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LPG cargo measurement and calculation procedure
Liquefied gas cargoes are measured and calculated in a similar manner to that of other bulk liquid
cargoes such as crude oils and petroleum products. However, as liquefied gases are carried as boiling
liquids in a closed containment system the quantity of vapour has also to be measured when
calculating the total quantity onboard.
It is common practice for gas tankers on a regular trade to retain onboard a quantity of liquid (heel) in
order to keep tanks cool on the ballast passage. In this way the vessel arrives at the load port ready to
commence loading with no cool down time necessary. At the load port the new cargo is added to the
heel. Equally if the ship has arrived with uncooled tanks a quantity is usually put onboard for tank cool
down purposes. It is therefore extremely important that a full survey of all tanks is carried out before
and after every operation.
Cargo being loaded may arrive at the manifold at various temperatures during loading. This may be
due to cargo being taken from different shore tanks or the initial cooling of ship/shore lines. It is
possible that because of this some stratification in the vessel’s tanks can occur.
It is very important
therefore that temperatures are taken at all available points in order to accurately assess the actual
average liquid temperature. Ships temperature sensors are usually provided at a number of different
levels. This is equally important for vapour temperature where temperatures in the tank dome are
usually higher than that of the vapour near the surface of the liquid. The positions of temperature
probes must be accurately known in order that only those actually submerged in the liquid are used for
liquid temperature and similarly for vapour temperature.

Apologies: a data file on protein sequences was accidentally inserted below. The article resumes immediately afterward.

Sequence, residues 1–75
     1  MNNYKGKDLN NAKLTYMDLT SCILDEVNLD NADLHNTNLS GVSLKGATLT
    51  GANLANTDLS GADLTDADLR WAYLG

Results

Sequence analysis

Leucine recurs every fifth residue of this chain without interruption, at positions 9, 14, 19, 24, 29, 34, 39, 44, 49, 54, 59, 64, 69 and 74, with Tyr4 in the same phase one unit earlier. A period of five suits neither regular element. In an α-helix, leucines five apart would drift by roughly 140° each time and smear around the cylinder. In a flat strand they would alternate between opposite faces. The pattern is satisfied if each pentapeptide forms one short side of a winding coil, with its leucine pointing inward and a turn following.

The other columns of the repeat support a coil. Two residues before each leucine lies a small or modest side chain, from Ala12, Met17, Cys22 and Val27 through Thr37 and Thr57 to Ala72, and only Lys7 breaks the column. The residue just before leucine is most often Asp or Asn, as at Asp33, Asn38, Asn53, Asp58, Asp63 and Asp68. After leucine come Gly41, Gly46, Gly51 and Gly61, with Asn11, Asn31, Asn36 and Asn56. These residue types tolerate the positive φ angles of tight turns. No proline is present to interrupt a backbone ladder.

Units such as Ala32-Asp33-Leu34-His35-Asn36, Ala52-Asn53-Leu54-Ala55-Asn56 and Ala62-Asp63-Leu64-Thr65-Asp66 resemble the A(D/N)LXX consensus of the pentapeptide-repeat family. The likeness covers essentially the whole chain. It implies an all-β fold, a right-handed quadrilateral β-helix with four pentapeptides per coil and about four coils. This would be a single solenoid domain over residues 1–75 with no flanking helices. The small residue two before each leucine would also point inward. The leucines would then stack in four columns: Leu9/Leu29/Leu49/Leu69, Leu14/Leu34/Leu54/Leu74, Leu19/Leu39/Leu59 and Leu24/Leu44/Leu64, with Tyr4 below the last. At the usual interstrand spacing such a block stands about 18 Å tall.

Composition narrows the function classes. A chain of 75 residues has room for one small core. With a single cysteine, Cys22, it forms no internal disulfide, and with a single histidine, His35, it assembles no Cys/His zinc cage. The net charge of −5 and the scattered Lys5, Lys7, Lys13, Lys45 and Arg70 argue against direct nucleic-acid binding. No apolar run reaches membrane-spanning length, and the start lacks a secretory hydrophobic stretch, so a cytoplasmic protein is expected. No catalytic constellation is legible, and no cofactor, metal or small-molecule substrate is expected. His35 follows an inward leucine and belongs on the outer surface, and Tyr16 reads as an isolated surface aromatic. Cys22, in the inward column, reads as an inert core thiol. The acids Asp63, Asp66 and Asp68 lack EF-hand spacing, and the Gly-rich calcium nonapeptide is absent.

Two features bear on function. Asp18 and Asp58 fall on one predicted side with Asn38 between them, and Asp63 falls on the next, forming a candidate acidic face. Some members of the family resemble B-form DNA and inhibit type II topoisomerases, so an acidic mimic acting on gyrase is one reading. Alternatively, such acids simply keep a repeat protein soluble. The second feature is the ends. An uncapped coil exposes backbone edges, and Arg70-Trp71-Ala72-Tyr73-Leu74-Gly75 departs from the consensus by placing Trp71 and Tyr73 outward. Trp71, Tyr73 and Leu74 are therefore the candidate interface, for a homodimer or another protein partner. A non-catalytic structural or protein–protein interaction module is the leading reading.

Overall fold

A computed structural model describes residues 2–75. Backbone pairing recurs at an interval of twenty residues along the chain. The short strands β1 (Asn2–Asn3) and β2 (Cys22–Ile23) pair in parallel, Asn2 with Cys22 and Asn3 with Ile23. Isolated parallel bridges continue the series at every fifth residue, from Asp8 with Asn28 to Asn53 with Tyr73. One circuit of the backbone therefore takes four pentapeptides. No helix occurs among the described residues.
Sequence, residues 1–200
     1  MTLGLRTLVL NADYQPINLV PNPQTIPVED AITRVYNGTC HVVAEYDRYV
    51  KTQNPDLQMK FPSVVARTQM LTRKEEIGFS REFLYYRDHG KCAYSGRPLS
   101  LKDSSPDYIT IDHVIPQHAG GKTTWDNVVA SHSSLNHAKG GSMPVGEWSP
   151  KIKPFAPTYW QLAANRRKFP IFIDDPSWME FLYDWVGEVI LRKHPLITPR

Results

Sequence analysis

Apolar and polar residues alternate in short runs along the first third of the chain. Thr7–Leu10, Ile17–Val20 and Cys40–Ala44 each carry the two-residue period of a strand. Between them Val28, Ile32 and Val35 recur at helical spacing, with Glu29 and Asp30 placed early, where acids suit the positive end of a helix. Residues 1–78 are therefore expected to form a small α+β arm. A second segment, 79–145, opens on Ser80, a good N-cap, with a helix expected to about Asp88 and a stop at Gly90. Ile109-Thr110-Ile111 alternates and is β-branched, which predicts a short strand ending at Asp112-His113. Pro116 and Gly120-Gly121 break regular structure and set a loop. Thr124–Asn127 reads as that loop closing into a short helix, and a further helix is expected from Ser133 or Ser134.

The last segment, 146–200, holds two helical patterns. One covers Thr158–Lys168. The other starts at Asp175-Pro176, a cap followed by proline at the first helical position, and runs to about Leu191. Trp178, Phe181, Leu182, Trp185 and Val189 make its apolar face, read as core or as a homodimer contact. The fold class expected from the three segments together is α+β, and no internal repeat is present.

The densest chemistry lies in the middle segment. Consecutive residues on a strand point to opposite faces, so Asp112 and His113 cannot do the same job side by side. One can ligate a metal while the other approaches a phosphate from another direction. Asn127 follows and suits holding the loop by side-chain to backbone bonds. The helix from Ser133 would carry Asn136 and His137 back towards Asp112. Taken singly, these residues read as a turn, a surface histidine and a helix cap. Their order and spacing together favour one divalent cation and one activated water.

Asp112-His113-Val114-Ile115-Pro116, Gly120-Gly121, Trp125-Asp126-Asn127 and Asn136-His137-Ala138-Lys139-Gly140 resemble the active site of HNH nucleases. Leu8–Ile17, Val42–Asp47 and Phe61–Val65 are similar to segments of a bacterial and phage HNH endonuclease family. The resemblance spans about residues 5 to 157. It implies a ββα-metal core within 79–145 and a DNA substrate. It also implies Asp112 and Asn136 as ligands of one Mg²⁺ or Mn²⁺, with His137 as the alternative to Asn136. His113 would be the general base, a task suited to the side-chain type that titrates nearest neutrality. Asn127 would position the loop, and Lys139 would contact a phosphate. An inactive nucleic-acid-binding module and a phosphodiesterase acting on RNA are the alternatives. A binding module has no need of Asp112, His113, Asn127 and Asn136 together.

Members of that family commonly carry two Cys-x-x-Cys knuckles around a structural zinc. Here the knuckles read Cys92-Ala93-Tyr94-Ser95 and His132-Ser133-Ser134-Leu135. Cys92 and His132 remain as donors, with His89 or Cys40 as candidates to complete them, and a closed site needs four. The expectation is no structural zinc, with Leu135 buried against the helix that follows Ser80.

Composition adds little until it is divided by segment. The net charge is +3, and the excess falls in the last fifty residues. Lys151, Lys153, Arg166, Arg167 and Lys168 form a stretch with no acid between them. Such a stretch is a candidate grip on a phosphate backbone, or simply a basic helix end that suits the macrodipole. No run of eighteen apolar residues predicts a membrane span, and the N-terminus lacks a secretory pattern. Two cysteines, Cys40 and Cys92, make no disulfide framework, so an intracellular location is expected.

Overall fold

Density is by definition measured in vacuum at 15°C.
Density x volume M3 (at 15°C gives metric tonnes in vacuum).
The measurement of liquid gas density requires laboratory facilities or equipment not available on
ships. Modern terminals usually calculate this form from an analysis of liquid composition obtained
from a gas liquid chromatograph. The results of this are provided to the ship in order to carry out the
It is necessary to correct the density for the actual observed temperature of the cargo. For specialised
chemical gases, the storage facility normally provides their own density table for the cargo showing the
density for a range of temperatures. Some ports provide the density at a standard temperature of
60°F or 15°C. This has to be corrected to the density for the observed cargo temperature.
Density can be quoted as either being in air or in vacuum.
For a density quoted in vacuum subtract 0.0011 to obtain the density in air, i.e. 0.5074 in vacuum
corresponds to a density of 0.5063 in air.
Cargo's quantities worked out in vacuum are always heavier than those worked out in air. Liquid gas
quantification is more commonly expressed in terms of weight in air and indeed this is a requirement of
most customs authorities. It is extremely important that when a density is provided to the vessel it is
ascertained whether the density is in air or vacuum.
The liquid level is read direct from the tank level gauge on the tank dome. The remote readout must
not be used for cargo calculations. It is necessary to apply corrections to this figure before entering
the tables. These corrections are for tape shrinkage and float immersion. The float gauge tape passes
through the cold vapour space and depending on the space temperature contracts thus indicating a
higher liquid level than actually present. Float immersion will depend on the density of the cargo and
this will usually be different from the manufacturer’s initial determination. A small correction is
necessary for both these items to obtain the correct gauge reading before entering the tables.
All ships are provided with a calibration table for each tank by means of which the tank’s liquid (and
vapour) volume can be calculated from the measurement of the liquid level. These tables are obtained
from careful measurement of the tanks during the ship’s construction. These tables normally refer to
an upright vessel with no list. Corrections are therefore necessary for trim and list and these will be
included with the tank calibration tables. Instruction for use will be included with the tables.
The cargo tank volume will have been calculated at ambient temperature and the tables calculated for
a standard temperature of say 20°C. Cold cargo temperature will result in tank shrinkage and a